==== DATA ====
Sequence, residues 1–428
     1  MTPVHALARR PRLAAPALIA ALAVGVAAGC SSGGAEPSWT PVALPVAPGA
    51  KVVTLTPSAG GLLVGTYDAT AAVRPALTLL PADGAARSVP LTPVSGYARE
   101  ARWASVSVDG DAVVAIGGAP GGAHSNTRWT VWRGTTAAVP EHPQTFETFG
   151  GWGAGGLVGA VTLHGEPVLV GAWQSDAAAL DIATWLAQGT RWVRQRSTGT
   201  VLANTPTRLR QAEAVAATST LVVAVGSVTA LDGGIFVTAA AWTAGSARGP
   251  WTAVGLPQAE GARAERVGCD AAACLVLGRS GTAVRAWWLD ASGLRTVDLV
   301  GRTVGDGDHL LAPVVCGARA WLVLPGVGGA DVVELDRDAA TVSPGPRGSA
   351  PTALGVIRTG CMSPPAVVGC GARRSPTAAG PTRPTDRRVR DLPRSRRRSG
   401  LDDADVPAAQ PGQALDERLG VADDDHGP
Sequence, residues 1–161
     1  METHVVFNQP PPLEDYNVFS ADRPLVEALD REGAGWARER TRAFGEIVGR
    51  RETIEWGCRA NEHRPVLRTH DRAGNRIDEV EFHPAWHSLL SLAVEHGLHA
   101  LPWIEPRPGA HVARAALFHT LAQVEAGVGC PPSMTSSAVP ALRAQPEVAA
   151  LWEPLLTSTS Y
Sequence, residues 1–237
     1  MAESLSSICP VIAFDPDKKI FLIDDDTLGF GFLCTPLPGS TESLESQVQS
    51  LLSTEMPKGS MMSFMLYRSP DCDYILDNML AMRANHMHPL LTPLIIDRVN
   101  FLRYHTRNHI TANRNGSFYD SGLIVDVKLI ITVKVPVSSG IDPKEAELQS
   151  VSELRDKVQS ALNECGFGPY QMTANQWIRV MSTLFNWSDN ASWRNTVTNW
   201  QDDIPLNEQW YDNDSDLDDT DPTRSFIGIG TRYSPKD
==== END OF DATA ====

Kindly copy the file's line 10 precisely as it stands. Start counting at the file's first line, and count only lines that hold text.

   401  LDDADVPAAQ PGQALDERLG VADDDHGP